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Seems to me that going to extremes with a light arrow has as much if not more potential for damaging your rig. So if you are pushing the limits with both low stretch string material and light arrows you had better know the risks you are taking. Perhaps W&W had this in mind with their disclaimer?

Regards,

Salskov
 

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I use D97 on my HH style longbows. I would not risk 8190 on those or any bow that does not like less than 8 gpp arrows. I did have a breakage on a bow when I switched to many strands (22) of 8190. I can't prove that was the cause, but the incident made me scared and I think that too many strands of 8190 (or any low stretch string) can put extra unneeded stress on a bow. I'm sure most bows can take it, but why risk it if the performance increase is so marginal over these other very good string types.

I use 8190 on my DX-5 with longbow limbs. That setup allows much lighter arrow, and since I use 9-10 gpp arrows, and the DAS connection has rubber pads, I have no worries there.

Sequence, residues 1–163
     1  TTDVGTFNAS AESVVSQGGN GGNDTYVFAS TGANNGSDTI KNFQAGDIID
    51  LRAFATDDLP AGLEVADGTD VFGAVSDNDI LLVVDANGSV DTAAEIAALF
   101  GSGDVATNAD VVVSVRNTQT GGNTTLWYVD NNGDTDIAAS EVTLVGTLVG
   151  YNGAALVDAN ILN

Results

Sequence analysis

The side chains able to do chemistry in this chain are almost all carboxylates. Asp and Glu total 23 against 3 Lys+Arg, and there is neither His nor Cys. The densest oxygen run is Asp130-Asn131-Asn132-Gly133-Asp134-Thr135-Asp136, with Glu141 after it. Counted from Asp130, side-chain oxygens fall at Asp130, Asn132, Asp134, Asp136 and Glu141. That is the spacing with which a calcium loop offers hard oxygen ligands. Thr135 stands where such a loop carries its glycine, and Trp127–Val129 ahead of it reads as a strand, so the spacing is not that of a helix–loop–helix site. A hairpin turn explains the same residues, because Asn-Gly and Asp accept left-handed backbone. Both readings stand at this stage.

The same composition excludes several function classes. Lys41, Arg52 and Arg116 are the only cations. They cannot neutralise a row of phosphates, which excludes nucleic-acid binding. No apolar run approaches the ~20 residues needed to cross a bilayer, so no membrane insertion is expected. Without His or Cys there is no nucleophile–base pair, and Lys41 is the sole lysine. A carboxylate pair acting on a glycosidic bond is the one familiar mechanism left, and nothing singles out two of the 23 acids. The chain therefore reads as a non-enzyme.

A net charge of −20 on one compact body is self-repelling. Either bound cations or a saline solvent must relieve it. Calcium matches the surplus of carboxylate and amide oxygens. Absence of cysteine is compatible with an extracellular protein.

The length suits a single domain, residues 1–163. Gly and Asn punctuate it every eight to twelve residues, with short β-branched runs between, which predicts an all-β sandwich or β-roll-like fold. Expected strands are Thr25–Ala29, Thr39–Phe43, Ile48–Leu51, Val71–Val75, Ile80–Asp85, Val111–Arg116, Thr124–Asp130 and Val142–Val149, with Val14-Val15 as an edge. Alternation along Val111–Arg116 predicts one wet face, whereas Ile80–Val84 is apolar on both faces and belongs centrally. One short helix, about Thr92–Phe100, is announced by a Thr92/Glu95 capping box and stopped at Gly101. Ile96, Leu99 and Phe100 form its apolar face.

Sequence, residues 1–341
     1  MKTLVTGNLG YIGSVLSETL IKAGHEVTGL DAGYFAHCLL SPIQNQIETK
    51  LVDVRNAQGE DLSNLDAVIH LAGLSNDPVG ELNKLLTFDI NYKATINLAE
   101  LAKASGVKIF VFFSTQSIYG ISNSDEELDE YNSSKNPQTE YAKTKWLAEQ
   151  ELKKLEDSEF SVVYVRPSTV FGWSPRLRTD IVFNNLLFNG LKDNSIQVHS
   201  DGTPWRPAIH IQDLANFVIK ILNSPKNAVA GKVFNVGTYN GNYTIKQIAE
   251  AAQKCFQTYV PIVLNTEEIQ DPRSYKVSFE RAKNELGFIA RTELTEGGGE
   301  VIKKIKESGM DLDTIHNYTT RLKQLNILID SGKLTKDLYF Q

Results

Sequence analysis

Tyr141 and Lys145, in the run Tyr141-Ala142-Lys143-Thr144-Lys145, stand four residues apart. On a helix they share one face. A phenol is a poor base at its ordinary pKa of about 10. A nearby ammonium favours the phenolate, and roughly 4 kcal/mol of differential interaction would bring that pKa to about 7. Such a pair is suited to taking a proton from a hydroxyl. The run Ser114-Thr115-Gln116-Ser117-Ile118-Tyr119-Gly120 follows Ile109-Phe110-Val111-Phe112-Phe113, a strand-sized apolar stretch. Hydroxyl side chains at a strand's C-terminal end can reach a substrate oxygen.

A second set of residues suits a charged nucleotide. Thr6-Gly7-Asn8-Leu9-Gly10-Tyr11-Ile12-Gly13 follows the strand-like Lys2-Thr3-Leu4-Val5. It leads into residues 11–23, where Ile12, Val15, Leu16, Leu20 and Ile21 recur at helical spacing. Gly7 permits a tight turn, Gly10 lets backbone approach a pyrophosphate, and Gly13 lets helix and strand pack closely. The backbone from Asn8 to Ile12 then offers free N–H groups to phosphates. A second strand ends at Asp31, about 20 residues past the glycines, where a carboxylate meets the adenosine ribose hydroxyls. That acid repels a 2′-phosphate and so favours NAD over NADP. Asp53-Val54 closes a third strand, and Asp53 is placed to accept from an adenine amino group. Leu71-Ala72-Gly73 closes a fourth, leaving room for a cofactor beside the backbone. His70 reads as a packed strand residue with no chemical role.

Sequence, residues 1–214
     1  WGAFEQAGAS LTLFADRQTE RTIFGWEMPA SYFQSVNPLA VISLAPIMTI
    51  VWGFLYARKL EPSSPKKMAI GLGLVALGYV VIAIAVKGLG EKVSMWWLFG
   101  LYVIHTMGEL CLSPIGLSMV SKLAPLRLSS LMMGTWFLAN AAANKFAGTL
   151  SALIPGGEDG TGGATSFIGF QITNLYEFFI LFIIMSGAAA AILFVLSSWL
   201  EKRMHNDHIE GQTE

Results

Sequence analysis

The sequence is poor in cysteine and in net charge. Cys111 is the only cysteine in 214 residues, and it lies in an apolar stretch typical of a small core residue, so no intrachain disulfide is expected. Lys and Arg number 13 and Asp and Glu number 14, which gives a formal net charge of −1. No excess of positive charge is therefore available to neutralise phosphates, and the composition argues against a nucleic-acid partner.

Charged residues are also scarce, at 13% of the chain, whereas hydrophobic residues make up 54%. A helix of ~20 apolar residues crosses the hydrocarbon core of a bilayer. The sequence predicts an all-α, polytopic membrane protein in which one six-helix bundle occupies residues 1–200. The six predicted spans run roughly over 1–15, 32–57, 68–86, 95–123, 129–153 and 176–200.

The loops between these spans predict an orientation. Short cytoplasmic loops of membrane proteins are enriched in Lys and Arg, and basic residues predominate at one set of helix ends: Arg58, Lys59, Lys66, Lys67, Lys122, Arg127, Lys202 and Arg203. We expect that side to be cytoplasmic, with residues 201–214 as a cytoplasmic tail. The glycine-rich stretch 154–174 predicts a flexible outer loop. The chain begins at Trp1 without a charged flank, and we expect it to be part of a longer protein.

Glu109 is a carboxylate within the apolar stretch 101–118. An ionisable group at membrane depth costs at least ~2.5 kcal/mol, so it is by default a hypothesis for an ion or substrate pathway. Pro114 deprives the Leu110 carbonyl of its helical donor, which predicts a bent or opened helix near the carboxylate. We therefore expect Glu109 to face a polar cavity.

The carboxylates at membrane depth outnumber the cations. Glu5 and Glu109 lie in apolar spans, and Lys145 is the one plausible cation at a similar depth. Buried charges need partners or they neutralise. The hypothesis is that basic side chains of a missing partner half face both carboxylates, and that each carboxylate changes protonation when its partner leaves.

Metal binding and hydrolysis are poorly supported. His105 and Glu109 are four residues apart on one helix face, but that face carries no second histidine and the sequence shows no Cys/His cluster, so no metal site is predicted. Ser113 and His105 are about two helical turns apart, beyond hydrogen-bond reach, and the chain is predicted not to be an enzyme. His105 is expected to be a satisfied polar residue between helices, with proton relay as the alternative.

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Thing that gets me is I'm happy with both 8125 and 8190 but the 8190 is very quiet, even with short crawls on my Stringwalking, to me that indicates a good thing, high noise equates to excess vibration and lost energy.

Or is no noise the calm before the storm :sbrug:
 

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Thing that gets me is I'm happy with both 8125 and 8190 but the 8190 is very quiet, even with short crawls on my Stringwalking, to me that indicates a good thing, high noise equates to excess vibration and lost energy.

Or is no noise the calm before the storm :sbrug:
I noticed the same thing when I switched to 8190 on my target bow. I could care less how loud it is, but it did quiet up significantly over D97.
 

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thumbless stringwalker
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Discussion Starter · #14 ·
Thank for your answers.
8091 is quieter than D97 but I’m afraid it put more stress to the bow tips.
I had my bow tuned with 8091 but when I changed to D97 it was way out until I unscrew tiller bolts one full turn. Now arrows fly straight but at 1# less draw weight. I cannot understand why. Been “softer”, the bow with D97 string should need more draw weight to get same stroke.